Each school decides the best way to distribute the food, and the program is open to anyone. Teachers and guidance counselors often “just know” who needs help, Whitney said, whether the student is homeless, asks for food, or if a teacher notices the student doesn’t eat during the school day.

In some schools, teachers and guidance counselors work with needy students to distribute the food discreetly, to lessen the stigma attached to the experience.

In other schools, the monthly “drop off” of food from Good Shepherd includes large amounts of fresh fruits and vegetables in addition to non-perishables, and the schools turn that drop off into a farmer’s market-like experience for everyone to participate — timed when parents are at the school to pick up their children.

Whitney said the organization is looking for funding to expand both the food pantry and BackPack programs. In addition to major grants, smaller amounts can fund local efforts, Whitney said. For example, a local Dunkin’ Donuts franchise owner in the Auburn area provided the $5,000 needed to open the school food pantry at Edward Little High School.

Wallace said she thought the $5,000 grant to East End would sustain the program for about two years. When she was buying snacks, it cost about $75 a week, she said. Working with Good Shepherd, $60 buys about two months’ worth of supplies for the school pantry.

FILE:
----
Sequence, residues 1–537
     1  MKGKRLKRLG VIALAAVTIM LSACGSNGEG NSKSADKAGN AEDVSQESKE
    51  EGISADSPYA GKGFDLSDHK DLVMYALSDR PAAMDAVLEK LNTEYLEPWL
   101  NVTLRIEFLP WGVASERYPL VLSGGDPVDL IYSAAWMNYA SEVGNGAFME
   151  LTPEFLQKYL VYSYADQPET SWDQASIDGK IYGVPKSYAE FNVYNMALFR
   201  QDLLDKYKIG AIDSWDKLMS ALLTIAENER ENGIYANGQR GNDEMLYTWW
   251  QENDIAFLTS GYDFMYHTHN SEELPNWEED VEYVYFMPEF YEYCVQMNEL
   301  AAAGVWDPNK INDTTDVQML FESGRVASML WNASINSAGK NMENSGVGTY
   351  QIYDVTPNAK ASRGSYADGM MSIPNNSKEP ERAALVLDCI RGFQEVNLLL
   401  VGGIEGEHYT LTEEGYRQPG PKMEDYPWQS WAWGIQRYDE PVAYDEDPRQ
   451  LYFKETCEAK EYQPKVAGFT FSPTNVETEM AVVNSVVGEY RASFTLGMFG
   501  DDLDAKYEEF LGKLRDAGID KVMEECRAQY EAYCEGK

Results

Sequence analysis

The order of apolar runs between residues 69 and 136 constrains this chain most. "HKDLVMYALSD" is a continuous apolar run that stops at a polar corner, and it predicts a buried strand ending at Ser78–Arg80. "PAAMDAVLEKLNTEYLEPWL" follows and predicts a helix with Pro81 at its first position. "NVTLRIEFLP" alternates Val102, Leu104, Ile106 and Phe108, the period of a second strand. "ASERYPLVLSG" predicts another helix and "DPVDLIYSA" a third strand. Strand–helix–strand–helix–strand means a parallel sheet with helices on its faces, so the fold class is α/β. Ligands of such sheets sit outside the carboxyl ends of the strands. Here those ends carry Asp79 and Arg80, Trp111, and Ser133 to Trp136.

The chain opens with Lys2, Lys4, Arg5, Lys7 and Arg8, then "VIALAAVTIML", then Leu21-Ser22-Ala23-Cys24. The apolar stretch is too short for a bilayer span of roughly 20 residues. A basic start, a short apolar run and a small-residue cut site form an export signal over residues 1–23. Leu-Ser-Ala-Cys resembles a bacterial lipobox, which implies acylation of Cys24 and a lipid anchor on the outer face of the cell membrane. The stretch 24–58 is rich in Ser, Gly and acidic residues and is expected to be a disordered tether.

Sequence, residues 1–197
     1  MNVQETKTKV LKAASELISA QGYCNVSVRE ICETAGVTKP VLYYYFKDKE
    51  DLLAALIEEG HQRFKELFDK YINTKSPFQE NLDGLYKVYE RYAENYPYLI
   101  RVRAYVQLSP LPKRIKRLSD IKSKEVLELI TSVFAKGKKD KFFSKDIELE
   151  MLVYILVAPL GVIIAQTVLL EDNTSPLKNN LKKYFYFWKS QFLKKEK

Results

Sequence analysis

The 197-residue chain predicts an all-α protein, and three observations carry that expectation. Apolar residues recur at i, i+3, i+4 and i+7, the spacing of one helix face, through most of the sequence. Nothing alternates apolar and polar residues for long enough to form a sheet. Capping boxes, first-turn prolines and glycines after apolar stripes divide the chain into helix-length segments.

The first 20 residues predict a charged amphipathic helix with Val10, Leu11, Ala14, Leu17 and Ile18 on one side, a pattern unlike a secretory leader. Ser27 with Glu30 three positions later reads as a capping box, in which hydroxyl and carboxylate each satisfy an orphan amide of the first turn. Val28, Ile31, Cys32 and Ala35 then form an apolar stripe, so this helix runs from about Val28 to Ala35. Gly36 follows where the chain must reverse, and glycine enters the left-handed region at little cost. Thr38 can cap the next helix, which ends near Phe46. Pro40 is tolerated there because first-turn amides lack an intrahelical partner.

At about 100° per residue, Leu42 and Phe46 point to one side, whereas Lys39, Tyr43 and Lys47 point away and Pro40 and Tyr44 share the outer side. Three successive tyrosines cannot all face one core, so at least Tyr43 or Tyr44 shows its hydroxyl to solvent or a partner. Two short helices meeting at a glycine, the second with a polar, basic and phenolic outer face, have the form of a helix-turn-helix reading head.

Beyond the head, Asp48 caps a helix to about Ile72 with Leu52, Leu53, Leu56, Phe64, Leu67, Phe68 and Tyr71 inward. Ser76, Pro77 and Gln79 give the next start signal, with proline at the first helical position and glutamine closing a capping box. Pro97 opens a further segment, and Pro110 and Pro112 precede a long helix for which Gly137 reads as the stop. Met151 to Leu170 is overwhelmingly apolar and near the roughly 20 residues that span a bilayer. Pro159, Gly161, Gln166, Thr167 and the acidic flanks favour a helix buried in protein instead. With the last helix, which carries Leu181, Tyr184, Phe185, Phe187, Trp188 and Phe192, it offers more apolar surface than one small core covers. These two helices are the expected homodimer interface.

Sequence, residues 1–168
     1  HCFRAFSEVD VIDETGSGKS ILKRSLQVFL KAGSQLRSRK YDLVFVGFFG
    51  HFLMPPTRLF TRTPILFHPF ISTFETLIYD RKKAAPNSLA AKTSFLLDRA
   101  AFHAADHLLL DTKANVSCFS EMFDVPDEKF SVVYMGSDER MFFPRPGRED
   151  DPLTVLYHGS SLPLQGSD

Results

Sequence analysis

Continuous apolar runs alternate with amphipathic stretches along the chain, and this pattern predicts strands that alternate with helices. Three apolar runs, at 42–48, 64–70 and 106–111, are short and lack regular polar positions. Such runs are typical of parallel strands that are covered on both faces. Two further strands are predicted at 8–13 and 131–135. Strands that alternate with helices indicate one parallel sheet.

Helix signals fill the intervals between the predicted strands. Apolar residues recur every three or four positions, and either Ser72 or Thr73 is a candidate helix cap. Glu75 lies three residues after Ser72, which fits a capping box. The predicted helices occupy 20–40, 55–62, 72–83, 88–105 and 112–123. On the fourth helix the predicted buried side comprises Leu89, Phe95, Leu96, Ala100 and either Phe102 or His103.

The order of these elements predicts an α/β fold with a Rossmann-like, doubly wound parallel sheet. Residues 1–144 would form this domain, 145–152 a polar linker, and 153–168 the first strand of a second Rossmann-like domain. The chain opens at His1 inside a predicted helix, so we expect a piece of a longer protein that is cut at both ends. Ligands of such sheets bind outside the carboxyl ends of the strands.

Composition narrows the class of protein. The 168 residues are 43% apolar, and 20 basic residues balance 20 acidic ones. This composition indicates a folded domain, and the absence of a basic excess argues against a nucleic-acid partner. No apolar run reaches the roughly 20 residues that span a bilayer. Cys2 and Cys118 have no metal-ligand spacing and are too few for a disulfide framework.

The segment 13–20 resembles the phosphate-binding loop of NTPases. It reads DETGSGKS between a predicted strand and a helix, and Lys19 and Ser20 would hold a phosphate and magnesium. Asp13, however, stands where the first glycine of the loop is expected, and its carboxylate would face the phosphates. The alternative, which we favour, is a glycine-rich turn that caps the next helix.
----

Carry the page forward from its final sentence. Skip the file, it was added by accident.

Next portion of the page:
“It’s been such a miracle,” she said. “Buying at cost, or by the pound, changed everything.”

Some of the school pantries in more rural areas got calls from residents asking if they could drop off canned goods in exchange for fresh produce, Coffin said.

“These people live so rurally, they don’t have access to fresh produce,” she said, adding that organizers told the callers to just come get the produce they needed without having to exchange it for canned goods.

“(The School Pantry program) really can change the health of a community,” she said.

Staff writer Craig Crosby contributed to this report.

Noel K. Gallagher — 791-6387